3. Eracus says:

    “..but the reality is that the downsides of open comments were more than the value they added.”

    Given the level of hysterical idiocy expressed above, no one would ever dispute you.

  4. Mark says:

    “The difference is that those people are usually punished. In government, those people are usually re-elected.”

    You’re sort of right in that crooked people in government get re-elected….at least up until the point where their lawlessness becomes so egregious that juries frog-march them out of Washington in handcuffs. Either way though….crooked elected officials ranging from James Traficant to Bob Ney always seem to get theirs in the end. Ney and Cunningham could very well be getting shanked by James Baker, Oral Roberts, and the former United Way executive director even as we speak.

    “Partial-birth abortions are never medically required.”

    Every partial-birth abortions is medically required for the health of the mother. Traditional abortion procedures are usually illegal past the first trimester. While I’m far from being a NARAL apologist on the abortion issue, this “partial-birth ban” is nothing but a grossout publicity stunt used as a stepping stone to achieve a widespread prohibition long-term. At least for me, supporters of this ban strengthen the argument for abortion rights since they are elevating the rights of an unborn fetus above and beyond the rights of a pregnant woman. Do you view a pregnant woman as a human being or as a container tantamount to Tupperware? If you oppose allowing a doctor to perform a partial-birth abortion for the health of the mother, you clearly take the latter view.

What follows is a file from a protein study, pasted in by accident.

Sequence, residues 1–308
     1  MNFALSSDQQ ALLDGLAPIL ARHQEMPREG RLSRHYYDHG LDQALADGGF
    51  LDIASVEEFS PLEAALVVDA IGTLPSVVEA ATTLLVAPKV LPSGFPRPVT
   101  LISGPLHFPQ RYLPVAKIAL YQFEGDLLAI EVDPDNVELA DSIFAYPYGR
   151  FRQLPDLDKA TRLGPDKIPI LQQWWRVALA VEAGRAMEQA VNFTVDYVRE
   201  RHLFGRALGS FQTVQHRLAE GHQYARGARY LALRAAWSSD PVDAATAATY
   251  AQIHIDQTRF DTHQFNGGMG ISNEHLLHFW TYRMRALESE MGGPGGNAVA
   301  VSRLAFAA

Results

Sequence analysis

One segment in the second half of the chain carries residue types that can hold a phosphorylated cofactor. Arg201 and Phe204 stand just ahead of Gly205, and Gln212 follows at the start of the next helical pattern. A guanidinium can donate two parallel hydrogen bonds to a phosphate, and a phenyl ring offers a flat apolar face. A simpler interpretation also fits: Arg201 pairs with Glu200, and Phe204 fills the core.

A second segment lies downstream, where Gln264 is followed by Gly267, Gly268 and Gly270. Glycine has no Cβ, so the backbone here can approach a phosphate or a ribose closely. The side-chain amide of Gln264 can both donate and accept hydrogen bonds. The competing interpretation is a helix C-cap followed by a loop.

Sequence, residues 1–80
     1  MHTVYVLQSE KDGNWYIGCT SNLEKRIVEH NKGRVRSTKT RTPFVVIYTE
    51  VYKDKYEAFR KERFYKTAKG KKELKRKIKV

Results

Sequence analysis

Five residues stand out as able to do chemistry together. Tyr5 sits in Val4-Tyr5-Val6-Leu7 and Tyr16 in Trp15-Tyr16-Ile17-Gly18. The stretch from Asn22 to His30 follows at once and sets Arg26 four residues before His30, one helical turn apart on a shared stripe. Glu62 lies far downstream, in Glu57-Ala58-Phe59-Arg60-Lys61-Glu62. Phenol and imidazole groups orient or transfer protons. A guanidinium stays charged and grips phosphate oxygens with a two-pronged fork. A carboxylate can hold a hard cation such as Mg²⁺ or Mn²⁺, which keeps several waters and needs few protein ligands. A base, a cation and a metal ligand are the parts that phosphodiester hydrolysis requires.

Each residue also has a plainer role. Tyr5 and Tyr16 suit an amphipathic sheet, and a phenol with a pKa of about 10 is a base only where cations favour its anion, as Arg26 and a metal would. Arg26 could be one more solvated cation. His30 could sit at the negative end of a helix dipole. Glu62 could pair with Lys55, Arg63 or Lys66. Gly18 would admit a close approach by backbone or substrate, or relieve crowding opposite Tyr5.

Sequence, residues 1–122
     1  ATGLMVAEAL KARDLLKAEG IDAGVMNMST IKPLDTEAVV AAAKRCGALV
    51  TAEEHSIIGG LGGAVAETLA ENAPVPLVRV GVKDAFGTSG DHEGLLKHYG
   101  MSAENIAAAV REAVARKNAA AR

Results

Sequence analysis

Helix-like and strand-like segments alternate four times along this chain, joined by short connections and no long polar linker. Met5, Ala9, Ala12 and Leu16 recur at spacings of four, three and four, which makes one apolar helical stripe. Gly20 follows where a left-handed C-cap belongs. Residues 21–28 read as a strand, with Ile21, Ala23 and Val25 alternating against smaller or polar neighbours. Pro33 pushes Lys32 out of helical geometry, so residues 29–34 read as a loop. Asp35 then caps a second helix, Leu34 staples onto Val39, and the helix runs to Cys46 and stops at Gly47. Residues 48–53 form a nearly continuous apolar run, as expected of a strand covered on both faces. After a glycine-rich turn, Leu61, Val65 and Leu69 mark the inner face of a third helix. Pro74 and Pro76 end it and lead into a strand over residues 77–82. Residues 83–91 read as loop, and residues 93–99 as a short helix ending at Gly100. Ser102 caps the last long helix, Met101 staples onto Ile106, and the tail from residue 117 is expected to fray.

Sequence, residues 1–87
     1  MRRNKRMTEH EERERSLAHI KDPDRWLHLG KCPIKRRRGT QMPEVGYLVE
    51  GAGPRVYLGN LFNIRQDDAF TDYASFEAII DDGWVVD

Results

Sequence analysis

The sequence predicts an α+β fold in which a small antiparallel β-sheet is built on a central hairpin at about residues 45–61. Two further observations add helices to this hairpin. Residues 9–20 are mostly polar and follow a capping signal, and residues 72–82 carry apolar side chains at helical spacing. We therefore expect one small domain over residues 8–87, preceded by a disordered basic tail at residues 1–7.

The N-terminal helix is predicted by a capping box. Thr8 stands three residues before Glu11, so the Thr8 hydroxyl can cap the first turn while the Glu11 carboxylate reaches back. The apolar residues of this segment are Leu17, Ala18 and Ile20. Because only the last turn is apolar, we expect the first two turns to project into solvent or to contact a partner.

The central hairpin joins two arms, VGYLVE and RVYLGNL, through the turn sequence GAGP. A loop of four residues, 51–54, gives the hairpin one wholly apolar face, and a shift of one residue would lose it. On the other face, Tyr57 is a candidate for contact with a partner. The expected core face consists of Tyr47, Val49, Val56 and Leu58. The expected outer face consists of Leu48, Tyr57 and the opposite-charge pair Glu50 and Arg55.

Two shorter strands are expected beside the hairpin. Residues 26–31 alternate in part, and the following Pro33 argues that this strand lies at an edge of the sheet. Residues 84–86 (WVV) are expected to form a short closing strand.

“Given the weakness of the Democratic field, any of the top GOP contenders could win.”

    Comical logic considering how Republican voters are in a state of gut-wrenching agony over the abysmal choices they’re presented with….so much so that a double-digit percentage of them are instantly jumping on the bandwagon of an obscure former Tennessee Senator who they may have seen on “Law and Order” in previous seasons when people actually watched that show. Keep in mind the last guy you told us couldn’t lose just one short year ago…..Mark “Mr. 37%” Kennedy.

    “Putting him against a lightweight like Barack Obama or John Edwards would be like putting a poodle in front of a Rottweiler.”

    Perhaps for those stuck in the past election cycles where conservatism was a selling point. There is little to indicate that 2008 is shaping up to be one of those. I won’t discredit Thompson’s alleged gravitas having as little knowledge of him as I do, but if the GOP’s salvation is yet another bald, geriatric white guy whose positions on the issues of the day place him decidedly to the right of a voting public that is moving to the left, then even “lightweights” such as Obama and Edwards is likely to walk all over him. My advice for Thompson is to forget about the Presidency and aggressively pursue his next glossy and glamorous Hollywood gig….particularly with NBC poised to cancel his show next month. Thompson would be perfect as Mr. Wilson in the next “Dennis the Menace” movie, or as Potter in the “It’s a Wonderful Life” remake.

    “It has made no difference in traffic whatsoever.”

    I’ll take your word for it and admit my error. It’s pretty rare that I have to admit error.